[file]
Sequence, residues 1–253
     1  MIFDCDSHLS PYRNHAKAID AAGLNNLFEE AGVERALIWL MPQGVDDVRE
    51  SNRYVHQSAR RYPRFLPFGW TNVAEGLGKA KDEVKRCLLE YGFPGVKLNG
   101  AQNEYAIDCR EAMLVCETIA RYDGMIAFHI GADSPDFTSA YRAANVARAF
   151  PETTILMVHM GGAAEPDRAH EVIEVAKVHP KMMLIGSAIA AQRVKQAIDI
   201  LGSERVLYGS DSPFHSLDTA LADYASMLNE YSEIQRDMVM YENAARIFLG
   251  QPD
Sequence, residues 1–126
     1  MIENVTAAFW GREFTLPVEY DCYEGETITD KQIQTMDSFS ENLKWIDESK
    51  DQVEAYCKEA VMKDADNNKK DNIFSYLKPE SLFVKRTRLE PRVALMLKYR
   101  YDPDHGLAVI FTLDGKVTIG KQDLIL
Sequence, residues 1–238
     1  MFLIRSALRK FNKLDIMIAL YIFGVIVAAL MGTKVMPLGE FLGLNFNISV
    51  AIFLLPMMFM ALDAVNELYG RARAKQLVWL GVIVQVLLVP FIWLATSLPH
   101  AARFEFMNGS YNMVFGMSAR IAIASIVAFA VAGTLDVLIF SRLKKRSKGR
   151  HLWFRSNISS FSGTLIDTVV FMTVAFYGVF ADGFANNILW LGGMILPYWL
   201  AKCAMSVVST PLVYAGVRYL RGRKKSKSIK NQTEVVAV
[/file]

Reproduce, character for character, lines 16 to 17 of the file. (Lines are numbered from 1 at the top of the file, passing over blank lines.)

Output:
   151  HLWFRSNISS FSGTLIDTVV FMTVAFYGVF ADGFANNILW LGGMILPYWL
   201  AKCAMSVVST PLVYAGVRYL RGRKKSKSIK NQTEVVAV